Several patients having a mean age of about forty years of age having symptoms pertaining to their ability to write and in other tasks (dystonic writer's cramp) in at least one hand are selected for a study. The average duration of the condition is about eight years. Patients are taking no medication at the time of the study and some of the patients have a history of treatment with local lidocaine for a local afferent block, or with botulinum toxin to inhibit antagonist muscle activity. Studies are carried out at least one week post injection. The inclusion criteria for the study is adult onset with no family history; no response to l-dopa; proximal muscles affected in addition to distal muscles; and ability to hold a pen and write selected sentences. Patients with drug induced dystonia are excluded from the study.

All patients have rTMS at a stimulation site over the premotor cortex or with a sham coil over the premotor cortex. The subjects are seated comfortably in a reclining chair and told to relax. Motor evoked potentials (MEP) are recorded with silver chloride disc electrodes, 1 cm in diameter, placed over the muscle belly and tendon of the right first dorsal interosseous. Electromyography (EMG) signals are amplified, analogue-filtered, by an amplifier, and acquired at a sampling rate of 5 kHz. Monophasic rTMS is applied at 0.2 Hz, and 250 stimuli are delivered to the PMC. A figure of eight stimulation coil is used, and the rTMS unit used is a Magstim 200 stimulator (Magstim, Whitland, UK). The stimulation site for PMC stimulation is determined to be 2 cm anterior and 1 cm medial to the hotspot, estimated from the dorsal PMC established in a PET study as described in Fink et al. 1997 J. of Neurophysiol 77:2164-74. Stimuli are set to 80% of the resting motor threshold. To determine the motor hotspot, the stimulation coil is placed over the area 2 cm anterior to Cz (international 10-20 system) with the handle pointing backward and parallel to the midline. The intensity of stimulation is increased from 30% of the maximum output of the stimulator in 5% steps until an MEP just became visible. The coil is then moved in 0.5 cm steps in four directions (medial, lateral, posterior and anterior) until the maximum MEP was found. The coil is then removed and the position is marked on the subject's scalp as the motor hotspot. The resting motor threshold is defined by decreasing or increasing the stimulus intensity in 1% steps, as the minimum intensity that produces MEPs greater than 50 V.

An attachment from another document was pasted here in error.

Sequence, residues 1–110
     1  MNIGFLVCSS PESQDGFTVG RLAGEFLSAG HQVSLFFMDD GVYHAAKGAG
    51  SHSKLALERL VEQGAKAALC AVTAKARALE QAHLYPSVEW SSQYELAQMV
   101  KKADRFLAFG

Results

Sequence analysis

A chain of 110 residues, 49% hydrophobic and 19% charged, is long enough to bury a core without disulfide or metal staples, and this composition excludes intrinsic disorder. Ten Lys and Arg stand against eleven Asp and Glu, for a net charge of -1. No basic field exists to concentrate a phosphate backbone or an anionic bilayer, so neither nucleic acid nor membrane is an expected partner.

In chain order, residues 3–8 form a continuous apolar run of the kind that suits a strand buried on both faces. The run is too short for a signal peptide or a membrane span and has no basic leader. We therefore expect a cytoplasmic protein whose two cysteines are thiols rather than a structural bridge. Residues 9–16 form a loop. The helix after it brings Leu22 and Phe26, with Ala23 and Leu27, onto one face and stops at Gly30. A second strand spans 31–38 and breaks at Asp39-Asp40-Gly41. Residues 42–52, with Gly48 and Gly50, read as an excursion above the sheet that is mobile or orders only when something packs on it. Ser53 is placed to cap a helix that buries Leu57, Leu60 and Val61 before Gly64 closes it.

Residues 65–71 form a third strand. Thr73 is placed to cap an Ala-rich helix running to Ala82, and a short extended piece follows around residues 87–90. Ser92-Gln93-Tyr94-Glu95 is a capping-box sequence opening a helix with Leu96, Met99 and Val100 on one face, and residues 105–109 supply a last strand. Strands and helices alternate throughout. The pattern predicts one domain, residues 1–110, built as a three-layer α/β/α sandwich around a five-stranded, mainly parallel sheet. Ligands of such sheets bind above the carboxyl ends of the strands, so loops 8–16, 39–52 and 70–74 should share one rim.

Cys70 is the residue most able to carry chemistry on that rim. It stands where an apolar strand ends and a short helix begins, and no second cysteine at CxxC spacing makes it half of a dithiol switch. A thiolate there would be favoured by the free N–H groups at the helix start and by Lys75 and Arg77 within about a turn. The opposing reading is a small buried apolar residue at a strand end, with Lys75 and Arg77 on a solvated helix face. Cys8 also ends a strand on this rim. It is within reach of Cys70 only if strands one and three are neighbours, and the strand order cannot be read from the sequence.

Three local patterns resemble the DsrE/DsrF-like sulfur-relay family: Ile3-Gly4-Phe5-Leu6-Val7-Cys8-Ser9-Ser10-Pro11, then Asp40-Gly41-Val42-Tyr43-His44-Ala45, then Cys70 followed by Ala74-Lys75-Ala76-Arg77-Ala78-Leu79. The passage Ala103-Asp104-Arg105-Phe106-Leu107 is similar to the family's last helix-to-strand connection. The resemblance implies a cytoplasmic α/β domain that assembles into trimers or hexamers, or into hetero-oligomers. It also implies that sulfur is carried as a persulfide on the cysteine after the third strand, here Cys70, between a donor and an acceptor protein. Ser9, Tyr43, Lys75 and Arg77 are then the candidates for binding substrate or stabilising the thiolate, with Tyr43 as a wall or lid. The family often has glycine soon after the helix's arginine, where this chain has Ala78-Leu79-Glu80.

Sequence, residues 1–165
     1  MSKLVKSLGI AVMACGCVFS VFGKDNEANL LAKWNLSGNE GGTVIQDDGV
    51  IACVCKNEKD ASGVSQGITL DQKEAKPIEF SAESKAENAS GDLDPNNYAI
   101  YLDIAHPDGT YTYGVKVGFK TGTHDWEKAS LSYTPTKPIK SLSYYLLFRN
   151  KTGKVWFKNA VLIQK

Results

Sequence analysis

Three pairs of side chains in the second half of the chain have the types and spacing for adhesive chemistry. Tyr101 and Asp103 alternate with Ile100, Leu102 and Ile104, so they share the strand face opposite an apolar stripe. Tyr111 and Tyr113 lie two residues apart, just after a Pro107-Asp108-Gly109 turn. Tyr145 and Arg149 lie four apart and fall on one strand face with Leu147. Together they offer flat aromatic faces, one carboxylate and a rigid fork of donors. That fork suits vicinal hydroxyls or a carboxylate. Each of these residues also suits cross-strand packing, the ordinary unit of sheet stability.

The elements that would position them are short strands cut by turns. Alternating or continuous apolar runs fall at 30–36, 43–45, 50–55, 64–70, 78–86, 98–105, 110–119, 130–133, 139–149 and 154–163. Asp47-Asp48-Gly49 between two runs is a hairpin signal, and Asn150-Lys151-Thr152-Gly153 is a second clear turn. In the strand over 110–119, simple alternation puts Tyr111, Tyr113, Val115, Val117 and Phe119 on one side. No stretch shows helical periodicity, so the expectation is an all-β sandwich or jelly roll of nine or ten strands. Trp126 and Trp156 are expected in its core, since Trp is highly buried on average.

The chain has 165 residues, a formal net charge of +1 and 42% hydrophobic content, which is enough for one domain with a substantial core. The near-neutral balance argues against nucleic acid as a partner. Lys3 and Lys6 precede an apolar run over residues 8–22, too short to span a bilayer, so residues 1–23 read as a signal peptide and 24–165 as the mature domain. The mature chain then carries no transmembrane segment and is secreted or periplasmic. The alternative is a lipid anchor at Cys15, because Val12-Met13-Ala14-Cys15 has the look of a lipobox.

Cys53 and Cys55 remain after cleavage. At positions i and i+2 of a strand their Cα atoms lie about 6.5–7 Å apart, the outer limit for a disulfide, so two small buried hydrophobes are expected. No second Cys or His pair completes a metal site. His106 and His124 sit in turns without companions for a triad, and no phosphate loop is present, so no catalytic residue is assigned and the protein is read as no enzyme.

Patients are treated with a treatment course of a first portion of three treatment regimens per week (Monday-Wednesday-Friday) for a period of twelve weeks, and a second portion including two treatment regimens per week (Tuesday-Thursday) for twelve weeks.

Evaluation of handwriting is assessed using a system designed for measuring voluntary movements of the upper limbs which consists of a pressure sensitive digitizing tablet with a crystal display and personal computer based movement analysis software. A target (1 cm in diameter) appears on the crystal display and subjects are asked to track it with a stylus pen. The axial pressure at the tip (pen pressure component) is also measured. Evaluation is also carried out using the Fahn dystonia scale. Patients are also asked to report the subjective rating of their symptoms after rTMS into five grades: improvement, slight improvement, no change, slight deterioration, and deterioration. Patients are evaluated at the end of each treatment regimen, one hour after the end of each treatment regimen, and ten hours at the end of each treatment regimen. Results are statistically analyzed to determine whether findings are significant. Improvement or slight improvement is reported by the majority of the patients and in 11% of the sham patients and shown in analysis of pen pressure and tracking accuracy where improved tracking and decreased pen pressure are correlated with improvement. Results showed that as the treatment course progresses, the number of patients showing clinical improvement and improvement of pen pressure/tracking accuracy increases. Additionally, responses to rTMS are found to last for longer periods of time post each treatment regimen.

Example 2

Spasmodic Dysphonia

Several patients having a mean age of about forty years of age having symptoms pertaining to their ability to their ability to speak are selected for the study (spasmodic dysphonia). Patients describe a slow, progressing form of voice difficulty that consists of voice breaks, some degree of hoarseness, more difficulty speaking in noisy situations, and increased difficulty when attempting to use a loud voice. Acoustic and aerodynamic assessments of the voice are made to determine the severity as well as to objectively identify the presence of voice breaks. Patients are evaluated as to whether they primarily have adductor spasmodic dysphonia (ADSD), characterized by a squeezed, strained-strangled effortful phonation with voice stoppages and voice breaks, or abductor spasmodic dysphonia (ABSD), characterized by an excess flow of air with intermittent lack of vocal fold closure. The average duration of the condition is about eight years. Patients are taking no medication at the time of the study and some of the patients have a history of treatment with local lidocaine for a local afferent block, or with botulinum toxin to inhibit antagonist muscle activity. Studies are carried out at least one week post injection. The inclusion criteria for the study is adult onset with no family history; no response to l-dopa. Patients with drug induced spasmodic dysphonia are excluded from the study.